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The Blockchain technology (BCT) is recent; however, its potential to significantly impact how we interact with each other is immense. As Bitcoin prices dramatically rose in 2017, interest in the technology (blockchain) underlying it and other cryptocurrencies increased. BCT however, has applications beyond cryptocurrencies. A blockchain is a database, register or ledger of transactions (both financial and non-financial) in the past and present. This ledger has no central authority or organisation responsible for managing, storing and processing the information it contains, making it a decentralised system. Furthermore, the ledger is shared with or available to everyone participating on the network, hence a blockchain is referred to as a ‘decentralised, distributed ledger.’
The technology was originally conceived of by Satoshi Nakamoto (an unknown person/persons), as the backbone of the cryptocurrency Bitcoin. Although cryptocurrencies are currently the most important application of the technology, there are many other possible applications. So, what gives the BCT so much appeal? It’s the ability of the technology to infuse trust into situations where interactions and exchange may not have occurred.
A blockchain is underpinned by cryptography, game theory, time stamping and peer to peer (P2P) network theory. Cryptography uses hashing, private and public keys, to secure information and make it difficult for unintended participants to access, view and share the information on the chain. P2P allows computers (nodes) to communicate with each other without the need for a central server. Each node contributes to the processing, storage, and security of information on the network. Game theory is used to incentivise participants to join, make use of and secure the network while time stamping ensures that transactions are recorded in sequential order.
Transactions on the blockchain are called blocks and they are secure. Every block is identified by (i) header (ii) timestamp (ii) target hash and (iii) nonce. A blockchain starts with a Genesis block (the first-ever block on the chain). All subsequent blocks are linked to the Genesis block and each other. The linking of a transaction in this way ensures that each transaction can be uniquely traced back to its origin. Also, transactions on the chain are not easily susceptible to change because the data exists on every node on the network. Assume individual A wants to send money to individual B. A would have to have the appropriate software (app). To make the transaction, A would need his private key and B’s public key. The transaction is then broadcast to every node on the network. Miners (individuals and companies) then validate the transaction before it can be added to the blockchain. They are incentivized or motivated to do so because they are rewarded with newly minted cryptocurrencies or transaction fees. Different blockchains take differing times to validate a transaction. For example, it takes 10 minutes on the Bitcoin blockchain and 15 seconds on the Ethereum blockchain. After verification, the money moves from A to B. There is now an immutable record, available to all nodes on the network, of the transaction between A and B. For anyone to change a validated transaction, they must have control of 51% of the computing power of the network.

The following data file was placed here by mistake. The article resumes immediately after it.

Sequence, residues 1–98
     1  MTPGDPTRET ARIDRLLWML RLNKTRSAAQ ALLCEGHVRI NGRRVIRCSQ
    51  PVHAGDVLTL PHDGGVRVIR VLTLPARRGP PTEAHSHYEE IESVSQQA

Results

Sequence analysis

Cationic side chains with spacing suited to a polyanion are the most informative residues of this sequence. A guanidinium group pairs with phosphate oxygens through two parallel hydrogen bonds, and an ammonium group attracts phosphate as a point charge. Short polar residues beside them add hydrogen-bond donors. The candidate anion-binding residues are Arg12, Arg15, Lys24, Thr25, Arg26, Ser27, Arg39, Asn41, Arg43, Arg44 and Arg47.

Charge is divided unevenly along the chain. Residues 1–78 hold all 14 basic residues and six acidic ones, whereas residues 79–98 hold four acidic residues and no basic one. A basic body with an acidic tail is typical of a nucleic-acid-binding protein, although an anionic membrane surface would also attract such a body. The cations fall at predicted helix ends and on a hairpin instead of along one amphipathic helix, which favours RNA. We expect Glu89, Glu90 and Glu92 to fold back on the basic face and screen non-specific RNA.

Generally, blockchains can be either private or public. For public (permissionless) blockchains, anyone can make and view transactions on the chain. All you need to do is download the appropriate software (which is generally open access) and you are instantly part of the blockchain’s network. On the other hand, a private (permissioned) ledger requires consent -which can be tiered- from developers and those already on the network, to view and/or participate in transactions on the blockchain. Those on a permissioned blockchain can be from the same organisation or different organisations in the same industry. On a public blockchain, anyone can validate transactions but on a permissioned blockchain, a transaction validator has to be accredited and known to everyone on the system. An example of a permissioned blockchain is Ripple. Other blockchains are Ethereum (permissionless), Hyperledger and Stellar.
The ability of the blockchain to introduce ‘trust’ into a system through its distributed nature, transparency, secure and difficult to change transactions, means that it can significantly affect how African countries tackle issues of underdevelopment. It can improve interactions in areas where there are inadequate or low levels of trust and transparency. Currently, there are many opportunities for adoption and applications of the technology in industries and the provision of services in Europe, Asia and the US. There is limited application of BCT on the African continent, although companies such as SureRemit and BitPesa have taken the lead in exploring its potential for cross-border financial payments and trade, respectively while it is applied to the agriculture sector by Agrikore in Nigeria and Bitland Ghana for land registry in Ghana. Adoption of BCT implies that governments, businesses, regulators and the people must understand what this technology is, its potential, challenges and impact on African economies.
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